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The Naïve Network is an Independent Creative Network specialising in marketing to Asia.

With a diverse range of talent, experience and skills we create communication ideas, experiences, and digital content to help clients who are marketing in Asia and advertising in Asia.

Our creative team helps clients communicate their Asian marketing stories across various media platforms, helping to grow brands and improve value.

Utilising creative marketing techniques we take a totally integrated, media-neutral approach to help clients reach their target audience with the right message.

And offer an experienced team of Asian-based experts to help clients solve their Asia marketing problems.

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Friday
May232014

The end of the end of interruption is nigh?

Remember the ad gurus of a few years' ago who told us that interruption advertising was dead, and the future was about permission based marketing, conversations and engagement? 

These are typical quotes from the time. 

“The common opinion is that the age of interruption marketing is coming to an end.”

“People are not passive consumers of marketing messages any more.”

“In today’s world people buy advertising, not the other way round.”

Well the launch of the YouTube Thai channel this week was a reminder – not that we needed one – of how wrong they were.

While the corporate spin was all about encouraging and helping local talent, the launch was also aimed at the big advertisers, who can now swap those annoying little banners at the bottom for full screen ads, and force you to watch before your video begins.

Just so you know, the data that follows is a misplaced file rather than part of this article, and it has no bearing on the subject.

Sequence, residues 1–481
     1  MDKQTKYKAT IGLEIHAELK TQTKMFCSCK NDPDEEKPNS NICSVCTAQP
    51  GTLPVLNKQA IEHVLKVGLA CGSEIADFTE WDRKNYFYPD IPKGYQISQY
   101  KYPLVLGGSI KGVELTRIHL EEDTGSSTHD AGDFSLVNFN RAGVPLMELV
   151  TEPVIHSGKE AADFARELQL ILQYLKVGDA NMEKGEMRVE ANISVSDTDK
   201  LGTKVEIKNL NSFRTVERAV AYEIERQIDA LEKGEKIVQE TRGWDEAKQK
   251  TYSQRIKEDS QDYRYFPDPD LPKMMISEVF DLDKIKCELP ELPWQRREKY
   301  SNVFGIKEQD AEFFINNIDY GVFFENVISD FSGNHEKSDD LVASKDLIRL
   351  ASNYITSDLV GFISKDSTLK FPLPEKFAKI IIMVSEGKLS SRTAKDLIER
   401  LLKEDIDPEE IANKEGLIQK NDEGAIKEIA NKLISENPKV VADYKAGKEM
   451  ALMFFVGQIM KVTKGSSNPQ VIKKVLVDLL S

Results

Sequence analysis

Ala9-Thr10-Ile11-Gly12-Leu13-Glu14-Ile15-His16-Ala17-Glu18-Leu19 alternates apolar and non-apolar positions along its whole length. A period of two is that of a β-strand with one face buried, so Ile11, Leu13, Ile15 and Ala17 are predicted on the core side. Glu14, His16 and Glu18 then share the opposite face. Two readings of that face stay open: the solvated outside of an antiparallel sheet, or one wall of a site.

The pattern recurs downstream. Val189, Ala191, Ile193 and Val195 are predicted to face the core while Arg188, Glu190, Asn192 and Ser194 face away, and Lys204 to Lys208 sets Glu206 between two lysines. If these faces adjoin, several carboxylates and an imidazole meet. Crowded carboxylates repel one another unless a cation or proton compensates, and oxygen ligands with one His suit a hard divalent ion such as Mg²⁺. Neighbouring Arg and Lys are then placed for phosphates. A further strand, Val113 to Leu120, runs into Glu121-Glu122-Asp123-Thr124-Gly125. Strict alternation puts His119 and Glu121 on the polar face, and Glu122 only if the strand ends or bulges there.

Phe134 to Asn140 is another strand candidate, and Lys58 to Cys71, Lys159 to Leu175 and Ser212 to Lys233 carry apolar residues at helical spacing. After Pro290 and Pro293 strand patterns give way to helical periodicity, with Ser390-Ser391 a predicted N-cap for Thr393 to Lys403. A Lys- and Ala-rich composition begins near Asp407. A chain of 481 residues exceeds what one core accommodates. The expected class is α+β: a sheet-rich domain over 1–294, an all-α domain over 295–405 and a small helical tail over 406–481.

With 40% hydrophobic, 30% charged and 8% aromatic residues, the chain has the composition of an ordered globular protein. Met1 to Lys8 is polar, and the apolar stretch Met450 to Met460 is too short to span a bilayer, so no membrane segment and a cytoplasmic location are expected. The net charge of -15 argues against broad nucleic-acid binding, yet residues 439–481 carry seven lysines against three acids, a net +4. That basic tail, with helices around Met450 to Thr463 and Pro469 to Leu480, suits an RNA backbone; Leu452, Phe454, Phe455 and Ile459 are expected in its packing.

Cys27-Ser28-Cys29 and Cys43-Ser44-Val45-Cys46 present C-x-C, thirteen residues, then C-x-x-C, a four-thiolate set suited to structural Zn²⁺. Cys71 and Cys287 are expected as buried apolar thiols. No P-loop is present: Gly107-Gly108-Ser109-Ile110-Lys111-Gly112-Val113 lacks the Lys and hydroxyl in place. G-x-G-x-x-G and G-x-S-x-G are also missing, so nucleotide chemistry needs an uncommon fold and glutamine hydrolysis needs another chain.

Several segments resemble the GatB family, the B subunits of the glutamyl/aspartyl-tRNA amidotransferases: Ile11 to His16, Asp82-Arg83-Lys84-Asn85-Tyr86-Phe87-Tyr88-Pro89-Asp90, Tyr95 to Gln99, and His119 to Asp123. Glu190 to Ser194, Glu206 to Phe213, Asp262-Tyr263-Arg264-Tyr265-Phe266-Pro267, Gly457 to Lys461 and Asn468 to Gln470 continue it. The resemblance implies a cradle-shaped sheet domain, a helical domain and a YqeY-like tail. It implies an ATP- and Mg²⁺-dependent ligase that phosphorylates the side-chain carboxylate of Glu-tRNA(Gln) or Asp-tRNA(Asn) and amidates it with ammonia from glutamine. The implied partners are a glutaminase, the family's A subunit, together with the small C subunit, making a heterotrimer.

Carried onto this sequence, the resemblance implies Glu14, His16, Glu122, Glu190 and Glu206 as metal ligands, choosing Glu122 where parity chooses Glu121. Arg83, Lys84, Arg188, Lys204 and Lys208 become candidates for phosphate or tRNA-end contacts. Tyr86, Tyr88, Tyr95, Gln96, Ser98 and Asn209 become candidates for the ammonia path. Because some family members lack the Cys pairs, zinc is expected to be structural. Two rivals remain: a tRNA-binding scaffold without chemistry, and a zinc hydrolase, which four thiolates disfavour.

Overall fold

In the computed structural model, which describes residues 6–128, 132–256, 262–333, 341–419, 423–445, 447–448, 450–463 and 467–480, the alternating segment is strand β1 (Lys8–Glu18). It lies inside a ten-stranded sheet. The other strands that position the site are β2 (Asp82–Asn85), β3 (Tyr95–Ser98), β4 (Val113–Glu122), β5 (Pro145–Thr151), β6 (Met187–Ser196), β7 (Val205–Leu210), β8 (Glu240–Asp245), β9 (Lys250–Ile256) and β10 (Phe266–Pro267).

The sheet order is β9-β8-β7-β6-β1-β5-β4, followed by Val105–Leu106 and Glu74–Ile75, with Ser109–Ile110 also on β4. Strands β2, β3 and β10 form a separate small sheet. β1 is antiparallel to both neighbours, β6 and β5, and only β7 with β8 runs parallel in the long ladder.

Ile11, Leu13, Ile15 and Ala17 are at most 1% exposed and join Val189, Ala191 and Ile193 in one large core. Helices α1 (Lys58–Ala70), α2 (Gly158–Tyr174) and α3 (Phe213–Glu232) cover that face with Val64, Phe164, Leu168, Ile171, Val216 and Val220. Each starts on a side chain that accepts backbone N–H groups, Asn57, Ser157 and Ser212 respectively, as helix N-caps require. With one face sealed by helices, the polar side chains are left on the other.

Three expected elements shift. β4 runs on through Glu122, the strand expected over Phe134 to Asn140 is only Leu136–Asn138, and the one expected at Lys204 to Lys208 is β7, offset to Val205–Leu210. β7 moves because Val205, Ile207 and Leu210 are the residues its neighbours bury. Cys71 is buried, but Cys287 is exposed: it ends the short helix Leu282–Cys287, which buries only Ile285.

Yes there is a skip button, so you only have to endure the first 5 secs. For now. How long before YouTube introduces a 'premium' service for advertises that sees the skip button disappear?

Of course being interrupted by (mostly) intrusive, inane, crap advertising annoys us all, but who cares as long as there's a slim chance you might not hit the skip button after the obligatory 5 seconds of mandatory viewing.

Interruption is here to stay.

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Reader Comments (1)

Wow, that's a pretty depressing outlook ["but who cares as long as there's a slim chance you might not hit the skip button.."] and one I hope was caked in sarcasm. I ask: why should consumers pay a premium for an ad-free environment (not that that's a current option on YouTube, but as you rightly pointed out it may be on the cards one day)..

Call me a crazy but I long for the day where consumer control overtakes consumer passivity when it comes to interruption advertising..

July 3, 2014 | Unregistered CommenterMe

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